Letters to the editor dated September 17, 2019

| Updated on September 19, 2019 Published on September 16, 2019

Support to MSMEs

Apropos the editorial ‘Push to exports’ September 16. One must concede that exports have been receiving attention in bursts, but not the sustained care they deserve. While MSMEs account for over 50 per cent of this,we have failed to address their primary concern over fund flows and their financial support infrastructure continues to be conservative. We tend to tailor our stimulus to the big industries without ensuring a trickle down effect to the MSMEs. China’s predominance today in exports was entirely due to a dedicated and holistic policy.

For the sector as a whole, domestic transit time, cost and procedural hold ups are major concerns. China ensures three-day transit to any of its ports.

The GST has helped us cut around 25 per cent of transmit time and we are faster in customs clearance than China, but we need to rationalise compliance and refunds too.

R Narayanan


Boosting exports

This is with refetence to the editorial ‘Push to exports’ (September 16). Obviously, remission of duties or taxes on export products, automated refund of GST input credit and reducing export turn-around are the sops which can stimulate and boost exports. Amid the WTO’s challenges regarding India’s export subsidy on macroeconomic grounds and the China-US trade war,

India’s possibility of augmenting exports depends upon the increasing of export competency in a competitive market through the enforcement of technical standards on industrial and agricultural products.

Boosting structural investment on exports and the formation of export clusters will stimulate the exports market.

NR Nagarajan


Credit to farmers

This refers to ‘A credible blueprint for agriculture credit’ (September 16). Though the aggressive financial inclusion has enabled landless, marginal and small farmers and agricultural labourers to become connected to the banking system, a major chunk of these cultivators is still approaching rural money lenders to meet their credit needs. Taking advantage of the dire need of the poor farmers, the money lenders are charging interest exorbitantly and as a consequence, a lot of poor farmers remain debt-ridden because of their inability to pay back the borrowed money.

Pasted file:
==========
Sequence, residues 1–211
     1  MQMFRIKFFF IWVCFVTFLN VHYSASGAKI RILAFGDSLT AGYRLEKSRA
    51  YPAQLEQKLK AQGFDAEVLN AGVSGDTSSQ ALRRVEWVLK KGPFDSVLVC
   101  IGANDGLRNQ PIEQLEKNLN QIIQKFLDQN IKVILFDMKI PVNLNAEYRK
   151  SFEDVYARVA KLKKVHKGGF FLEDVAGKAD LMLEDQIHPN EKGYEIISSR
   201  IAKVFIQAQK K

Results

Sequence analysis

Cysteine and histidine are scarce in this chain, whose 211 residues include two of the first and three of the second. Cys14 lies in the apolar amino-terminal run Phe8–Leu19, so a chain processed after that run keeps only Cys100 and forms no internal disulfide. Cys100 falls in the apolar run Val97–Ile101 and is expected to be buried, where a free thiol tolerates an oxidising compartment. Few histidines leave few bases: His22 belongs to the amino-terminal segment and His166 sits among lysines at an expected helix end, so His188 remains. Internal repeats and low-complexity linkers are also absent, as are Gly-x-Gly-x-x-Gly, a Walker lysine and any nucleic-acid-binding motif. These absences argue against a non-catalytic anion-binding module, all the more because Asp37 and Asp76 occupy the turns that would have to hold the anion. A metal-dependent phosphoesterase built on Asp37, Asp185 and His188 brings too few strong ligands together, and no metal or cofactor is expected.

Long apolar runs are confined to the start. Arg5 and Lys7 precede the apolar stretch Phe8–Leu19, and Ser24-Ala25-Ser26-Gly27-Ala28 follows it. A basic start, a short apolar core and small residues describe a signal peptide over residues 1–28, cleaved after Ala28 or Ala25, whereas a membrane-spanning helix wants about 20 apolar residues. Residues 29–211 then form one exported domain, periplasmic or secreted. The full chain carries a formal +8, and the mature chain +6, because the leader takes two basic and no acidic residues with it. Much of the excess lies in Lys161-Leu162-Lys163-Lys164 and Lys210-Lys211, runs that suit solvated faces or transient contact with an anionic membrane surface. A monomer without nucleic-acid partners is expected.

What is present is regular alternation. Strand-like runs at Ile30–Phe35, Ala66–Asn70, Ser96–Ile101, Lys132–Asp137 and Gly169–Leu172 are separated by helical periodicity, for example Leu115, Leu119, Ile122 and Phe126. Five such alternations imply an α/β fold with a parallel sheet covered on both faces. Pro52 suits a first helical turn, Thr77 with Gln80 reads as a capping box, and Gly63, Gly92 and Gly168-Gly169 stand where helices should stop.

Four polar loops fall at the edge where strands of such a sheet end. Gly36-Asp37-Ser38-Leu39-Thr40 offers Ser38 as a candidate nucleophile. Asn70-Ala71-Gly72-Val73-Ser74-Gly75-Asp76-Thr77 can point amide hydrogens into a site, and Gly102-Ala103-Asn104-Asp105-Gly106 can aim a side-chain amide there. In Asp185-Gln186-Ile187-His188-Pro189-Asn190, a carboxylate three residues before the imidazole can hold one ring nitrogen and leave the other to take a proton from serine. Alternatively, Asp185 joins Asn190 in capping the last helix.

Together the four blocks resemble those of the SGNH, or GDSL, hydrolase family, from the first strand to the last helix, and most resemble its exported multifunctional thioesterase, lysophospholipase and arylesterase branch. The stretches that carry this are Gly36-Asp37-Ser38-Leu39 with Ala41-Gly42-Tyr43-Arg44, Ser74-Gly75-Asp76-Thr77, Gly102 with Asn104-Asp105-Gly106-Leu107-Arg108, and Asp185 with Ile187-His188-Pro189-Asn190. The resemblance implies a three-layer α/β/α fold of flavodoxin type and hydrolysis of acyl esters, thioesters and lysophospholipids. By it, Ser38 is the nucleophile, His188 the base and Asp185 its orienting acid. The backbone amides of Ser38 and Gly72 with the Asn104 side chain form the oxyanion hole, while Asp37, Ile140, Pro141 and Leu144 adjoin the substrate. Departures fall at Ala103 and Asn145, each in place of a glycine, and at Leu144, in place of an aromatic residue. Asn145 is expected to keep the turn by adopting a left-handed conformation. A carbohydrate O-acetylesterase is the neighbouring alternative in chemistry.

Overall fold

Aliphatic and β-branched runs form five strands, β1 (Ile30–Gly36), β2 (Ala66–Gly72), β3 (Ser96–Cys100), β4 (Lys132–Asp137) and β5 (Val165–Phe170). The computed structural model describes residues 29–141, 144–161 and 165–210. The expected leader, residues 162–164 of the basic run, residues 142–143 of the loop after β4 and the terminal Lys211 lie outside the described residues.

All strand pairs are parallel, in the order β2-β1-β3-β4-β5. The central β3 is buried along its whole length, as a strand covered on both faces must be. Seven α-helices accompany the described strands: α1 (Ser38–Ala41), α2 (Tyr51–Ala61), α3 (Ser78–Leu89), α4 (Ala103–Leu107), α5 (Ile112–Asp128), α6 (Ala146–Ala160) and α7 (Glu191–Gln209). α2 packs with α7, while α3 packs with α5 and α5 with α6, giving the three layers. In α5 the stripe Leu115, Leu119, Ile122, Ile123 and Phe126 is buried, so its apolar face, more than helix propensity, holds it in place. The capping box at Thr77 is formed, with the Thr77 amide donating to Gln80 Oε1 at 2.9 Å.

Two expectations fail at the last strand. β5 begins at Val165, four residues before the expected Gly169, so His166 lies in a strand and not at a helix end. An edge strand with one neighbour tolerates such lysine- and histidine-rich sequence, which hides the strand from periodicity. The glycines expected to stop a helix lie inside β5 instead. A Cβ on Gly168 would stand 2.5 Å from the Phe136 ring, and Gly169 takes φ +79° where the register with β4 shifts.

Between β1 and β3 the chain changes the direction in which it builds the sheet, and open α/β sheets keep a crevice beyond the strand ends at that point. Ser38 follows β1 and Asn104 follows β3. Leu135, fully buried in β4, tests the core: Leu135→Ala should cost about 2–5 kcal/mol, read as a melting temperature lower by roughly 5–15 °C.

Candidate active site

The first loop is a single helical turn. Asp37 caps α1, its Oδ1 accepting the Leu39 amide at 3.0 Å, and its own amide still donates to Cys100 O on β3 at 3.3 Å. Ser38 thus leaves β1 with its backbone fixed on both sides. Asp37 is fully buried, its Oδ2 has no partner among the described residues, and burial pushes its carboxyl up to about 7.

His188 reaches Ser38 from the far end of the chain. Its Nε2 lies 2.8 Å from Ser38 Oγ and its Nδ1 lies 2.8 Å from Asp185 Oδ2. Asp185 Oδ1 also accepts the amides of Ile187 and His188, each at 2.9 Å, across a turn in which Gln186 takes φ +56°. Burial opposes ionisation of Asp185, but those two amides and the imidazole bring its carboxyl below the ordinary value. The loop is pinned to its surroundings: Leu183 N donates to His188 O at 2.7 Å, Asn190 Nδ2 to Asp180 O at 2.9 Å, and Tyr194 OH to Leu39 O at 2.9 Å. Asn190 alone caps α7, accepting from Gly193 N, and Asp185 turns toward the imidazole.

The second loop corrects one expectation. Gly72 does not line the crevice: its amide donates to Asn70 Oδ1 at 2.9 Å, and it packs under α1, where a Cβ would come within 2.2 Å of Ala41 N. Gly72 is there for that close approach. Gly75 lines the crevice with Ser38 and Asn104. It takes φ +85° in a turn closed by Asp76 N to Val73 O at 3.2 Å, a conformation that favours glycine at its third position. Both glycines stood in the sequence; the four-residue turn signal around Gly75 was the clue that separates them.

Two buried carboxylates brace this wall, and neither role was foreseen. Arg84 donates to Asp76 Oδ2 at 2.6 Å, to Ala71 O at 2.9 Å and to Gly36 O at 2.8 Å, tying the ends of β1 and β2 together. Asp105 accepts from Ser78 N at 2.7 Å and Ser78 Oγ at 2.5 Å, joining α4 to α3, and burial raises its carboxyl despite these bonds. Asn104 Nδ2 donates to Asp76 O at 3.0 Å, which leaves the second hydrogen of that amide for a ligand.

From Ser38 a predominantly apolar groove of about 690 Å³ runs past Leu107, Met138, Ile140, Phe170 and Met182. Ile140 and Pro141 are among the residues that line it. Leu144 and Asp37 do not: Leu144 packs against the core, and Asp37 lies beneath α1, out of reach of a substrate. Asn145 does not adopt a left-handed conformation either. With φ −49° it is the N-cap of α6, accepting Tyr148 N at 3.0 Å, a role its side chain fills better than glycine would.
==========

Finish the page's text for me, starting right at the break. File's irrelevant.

Another factor that contributes to the distress of the farming community is non-delivery of need-based credit on time, and therefore it is vital to push the financial institutions, particularly the banks, to reach out more effectively to the farmers. The banks must evaluate the needs as per the prevailing cost of cultivation of a particular area or region to ensure adequate flow of credit for farming activities, including allied ones.

The Kissan Credit Cards must comprise production and investment needs and must be available also to farmers who do not own land. The rate of interest for agriculture credit must be uniform and affordable across all the banks and NBFCs. The banks which are failing to achieve the set targets for lending under agriculture and allied activities must be penalised for the deficit and achievers must be rewarded. The lending against gold and jewellery for agriculture with interest subvention is paving way for diversion of funds for gainful investment and is therefore defeating the intended purpose.

VSK Pillai


Economic stimulus

The slew of stimulus measures aimed at addressing the present economic slowdown, the latest focussed on a new tax refund scheme, boosting exports and easing of external commercial borrowings for Indian real estate companies cannot be faulted for its noble intent. But, piecemeal measures will hardly prove effective for the ills plaguing the economy. With sluggishness in demand, and no revival in private investment, government spending can bring only short-term relief. Structural reforms with a thrust on simplifying labour laws and easing norms for infrastructure development are the need of the hour.

M Jeyaram


Published on September 16, 2019
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